2012 was a pretty big year for movies. The start of The Hunger Games, the finales to Marvel’s Phase One, the Dark Knight Saga and Twilight (hooray!), three stop-motion movies, along with big news like Disney buying Lucasfilm. Here’s my top 10 favorite movies of 2012 (and links to my reviews when applicable).
(Note: I have not seen a good deal of the big movies this year, including most of the Best Picture nominations, and I probably won’t see them for a while. This is just my list for what I enjoyed most of what I’ve seen)
10. 21 JumpStreet: The often haphazard premise of taking old TV shows and turning them into movies produced gold here, mainly thanks to its playing with tropes in the car chase, a humorous look at what was serious subject matter, and a comedic turn by Channing Tatum. The directorial team of Lord and Miller have proved that they know how to do absurdity well.
9. The Secret World of Arietty: Studio Ghibli’s release this year may be one of the last times we’ll see Amy Poehler and Will Arnett as a couple. This just adds to the movie’s surprisingly dark and melancholy tone, trading out magical worlds of past features with quiet reality of a family that ends up forced out of their home, the one twist being that they’re tiny and face danger at every turn. For all of Ghibli’s unrelenting fantasy, this is a nice reminder that they can also deliver solid drama.
8. The Dark Knight Rises: The finale of Nolan’s epic trilogy did have its share of problems that are still being discussed. With a movie of this stature and hype, though, it was inevitable. In the end, Nolan did one thing perfectly: closing the book on his interpretation of Batman with a movie that’s emotionally satisfying and thrilling, all with a fantastic performance by Anne Hathaway as Catwoman that I hope to see again.
7. Life of Pi: If you want to see how Ang Lee’s Hulk should’ve looked, simply watch Richard Parker, the tiger that Pi Patel gets trapped on a boat with. The impressive CGI throughout is added with some fantastic cinematography that transports and fascinates, even when 80% of the movie takes place on a boat in the middle of the ocean. Along the way, there’s a fascinating story about religion that doesn’t necessarily overtake the movie for non-religious viewers, and an incredible acting job by what I believe is a snubbed Suraj Sharma.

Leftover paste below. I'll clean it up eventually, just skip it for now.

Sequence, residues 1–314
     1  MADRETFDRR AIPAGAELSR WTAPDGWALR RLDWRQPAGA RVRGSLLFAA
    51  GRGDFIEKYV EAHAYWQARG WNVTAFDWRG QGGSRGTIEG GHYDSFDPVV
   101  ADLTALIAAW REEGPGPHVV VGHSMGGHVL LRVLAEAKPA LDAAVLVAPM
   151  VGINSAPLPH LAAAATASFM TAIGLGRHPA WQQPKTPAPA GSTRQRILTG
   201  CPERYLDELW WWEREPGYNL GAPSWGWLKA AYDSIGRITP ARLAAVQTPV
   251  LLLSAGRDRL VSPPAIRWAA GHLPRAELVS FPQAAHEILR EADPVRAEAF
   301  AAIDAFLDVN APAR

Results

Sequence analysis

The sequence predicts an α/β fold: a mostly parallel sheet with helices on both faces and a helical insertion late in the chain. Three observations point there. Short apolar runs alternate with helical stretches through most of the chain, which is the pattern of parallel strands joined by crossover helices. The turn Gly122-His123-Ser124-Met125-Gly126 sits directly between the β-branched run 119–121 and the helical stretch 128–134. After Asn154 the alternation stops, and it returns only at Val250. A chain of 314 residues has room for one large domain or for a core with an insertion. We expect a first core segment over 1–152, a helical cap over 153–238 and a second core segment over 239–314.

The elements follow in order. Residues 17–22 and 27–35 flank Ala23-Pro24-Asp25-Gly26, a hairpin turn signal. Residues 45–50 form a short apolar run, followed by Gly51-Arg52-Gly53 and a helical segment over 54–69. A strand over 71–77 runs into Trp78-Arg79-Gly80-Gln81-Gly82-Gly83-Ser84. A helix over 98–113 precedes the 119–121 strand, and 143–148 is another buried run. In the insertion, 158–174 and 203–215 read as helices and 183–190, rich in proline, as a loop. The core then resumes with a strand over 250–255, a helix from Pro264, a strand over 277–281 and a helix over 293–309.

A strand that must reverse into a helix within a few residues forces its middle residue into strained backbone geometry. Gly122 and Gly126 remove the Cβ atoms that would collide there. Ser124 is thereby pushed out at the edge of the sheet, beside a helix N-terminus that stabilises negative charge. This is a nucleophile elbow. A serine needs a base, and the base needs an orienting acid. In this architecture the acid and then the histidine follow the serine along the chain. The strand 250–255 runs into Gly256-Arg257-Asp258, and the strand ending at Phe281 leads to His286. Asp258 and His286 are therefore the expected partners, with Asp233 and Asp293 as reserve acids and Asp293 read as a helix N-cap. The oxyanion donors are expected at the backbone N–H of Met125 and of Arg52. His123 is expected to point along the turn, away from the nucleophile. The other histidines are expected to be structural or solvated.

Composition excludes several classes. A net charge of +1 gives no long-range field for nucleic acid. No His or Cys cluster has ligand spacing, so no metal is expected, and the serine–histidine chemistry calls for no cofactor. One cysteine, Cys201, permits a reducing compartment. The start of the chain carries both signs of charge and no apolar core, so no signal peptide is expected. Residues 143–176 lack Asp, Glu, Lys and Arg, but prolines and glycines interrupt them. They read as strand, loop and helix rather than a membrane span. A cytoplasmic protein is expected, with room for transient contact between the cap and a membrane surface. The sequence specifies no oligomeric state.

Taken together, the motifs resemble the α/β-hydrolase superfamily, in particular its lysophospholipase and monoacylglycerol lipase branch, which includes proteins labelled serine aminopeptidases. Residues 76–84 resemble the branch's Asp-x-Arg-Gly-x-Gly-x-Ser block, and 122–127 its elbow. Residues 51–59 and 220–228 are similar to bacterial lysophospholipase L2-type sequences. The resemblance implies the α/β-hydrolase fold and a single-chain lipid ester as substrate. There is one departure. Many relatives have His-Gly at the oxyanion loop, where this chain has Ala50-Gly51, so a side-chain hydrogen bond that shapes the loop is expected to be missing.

6. Skyfall: After Quantum of Solace, the future of Bond was worrying. After Skyfall, I’m ready for another 50 years. Recapturing the fun that looked lost in the move to Craig-Bond would be good enough, but it adds in serious themes about old age and loss that manage to elevate the movie. Strong performances by Judi Dench and Javier Bardem and impressive directing truly put this on the list.
5. ParaNorman: Between this, Frankenweenie, and Pirates!, stop-motion made a huge comeback…at least, for the people that actually saw the movies. ParaNorman is the one that makes the list, though, with its inventive twist on the zombie genre that makes it kid-friendly while also creating dark adult themes. It was also one of the best-looking 3D movies of the year (I admit to not seeing Life of Pi in 3D, though), and its gorgeous character design and impressive effects are the reason.
4. TheAmazing Spider-Man: The biggest fear with Amazing was that it was simply too soon to be rebooting the franchise. Amazing overcame the potential plot problems to actually create a different take on the franchise, one that takes its time to build up emotional scenes. At the same time, we get the wise-cracking Spider-Man back and a villain that gives him an even match both in power and smarts.
3. TheCabin in the Woods: The much-delayed collaboration between Joss Whedon and Cloverfield’s Drew Goddard paid off big. A horror movie that ends up not only ripping apart every horror movie trope it comes across, it also shatters the fourth wall with its look at the relationship between characters, creators, and audience. As gory and scary as it is hilarious, if you’re tired of found footage movies and clichés, it’s the perfect horror movie for you.
2. Wreck-ItRalph: A movie that threatened to be overtaken by cameos instead proved to be an emotional love-letter to video games and outcasts. Ralph’s big brother relationship with Vanellope is the real drive of this movie, and the strong voice work by John C. Reilly and Sarah Silverman gives them life. They apparently improvised off of each other, and it shows. Wreck-It Ralph is funny and heartwarming, easily the best Disney Animation movie since Bolt.
1. TheAvengers: I think you could probably guess this was coming. Avengers showed Joss Whedon flexing his directorial and writing muscles, creating a movie that was fun while still intelligent, action-packed but with plenty humor, filled with characters without being overly complicated. A movie so big that it could’ve collapsed in on itself and instead just managed to branch out to everybody, from comics fans to people who don’t know a Skrull from a Kree. No, it’s not going to win any Oscars. But when I think of the movies on this list I’d most want to rewatch, this is the one that will always come in first.